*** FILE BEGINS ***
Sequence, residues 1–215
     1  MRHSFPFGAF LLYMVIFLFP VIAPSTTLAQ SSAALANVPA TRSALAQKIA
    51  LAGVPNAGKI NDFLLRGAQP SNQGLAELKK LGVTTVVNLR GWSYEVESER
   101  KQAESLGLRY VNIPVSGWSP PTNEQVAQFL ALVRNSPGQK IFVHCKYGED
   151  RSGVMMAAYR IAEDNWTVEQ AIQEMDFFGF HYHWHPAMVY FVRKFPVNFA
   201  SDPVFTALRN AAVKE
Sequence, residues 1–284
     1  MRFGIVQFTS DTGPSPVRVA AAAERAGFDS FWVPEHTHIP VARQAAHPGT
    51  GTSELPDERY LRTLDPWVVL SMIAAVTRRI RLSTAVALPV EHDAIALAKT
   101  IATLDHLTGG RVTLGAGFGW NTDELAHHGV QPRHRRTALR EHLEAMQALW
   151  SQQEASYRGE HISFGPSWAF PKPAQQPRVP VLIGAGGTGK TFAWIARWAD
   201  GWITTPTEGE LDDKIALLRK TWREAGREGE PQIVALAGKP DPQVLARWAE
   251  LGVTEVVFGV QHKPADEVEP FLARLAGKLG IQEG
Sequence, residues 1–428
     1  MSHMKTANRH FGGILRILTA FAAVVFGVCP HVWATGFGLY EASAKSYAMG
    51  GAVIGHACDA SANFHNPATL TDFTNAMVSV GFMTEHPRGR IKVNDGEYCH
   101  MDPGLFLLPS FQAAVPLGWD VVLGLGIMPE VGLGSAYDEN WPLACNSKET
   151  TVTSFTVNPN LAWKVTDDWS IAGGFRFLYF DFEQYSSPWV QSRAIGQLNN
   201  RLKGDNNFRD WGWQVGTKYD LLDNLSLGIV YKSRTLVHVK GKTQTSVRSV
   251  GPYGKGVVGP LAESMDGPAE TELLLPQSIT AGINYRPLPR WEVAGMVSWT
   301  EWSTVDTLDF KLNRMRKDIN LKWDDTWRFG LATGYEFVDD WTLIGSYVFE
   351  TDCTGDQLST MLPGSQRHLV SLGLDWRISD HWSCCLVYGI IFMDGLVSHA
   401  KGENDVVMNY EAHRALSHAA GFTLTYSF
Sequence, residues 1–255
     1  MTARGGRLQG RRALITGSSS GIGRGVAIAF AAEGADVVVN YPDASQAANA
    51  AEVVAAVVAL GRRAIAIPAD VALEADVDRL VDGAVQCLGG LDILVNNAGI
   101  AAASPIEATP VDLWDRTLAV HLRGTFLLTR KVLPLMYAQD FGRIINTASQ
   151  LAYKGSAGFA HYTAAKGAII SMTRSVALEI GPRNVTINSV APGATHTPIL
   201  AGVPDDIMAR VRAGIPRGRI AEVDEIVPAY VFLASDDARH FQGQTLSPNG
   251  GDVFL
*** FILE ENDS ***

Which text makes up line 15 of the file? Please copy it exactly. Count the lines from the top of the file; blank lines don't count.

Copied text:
     1  MSHMKTANRH FGGILRILTA FAAVVFGVCP HVWATGFGLY EASAKSYAMG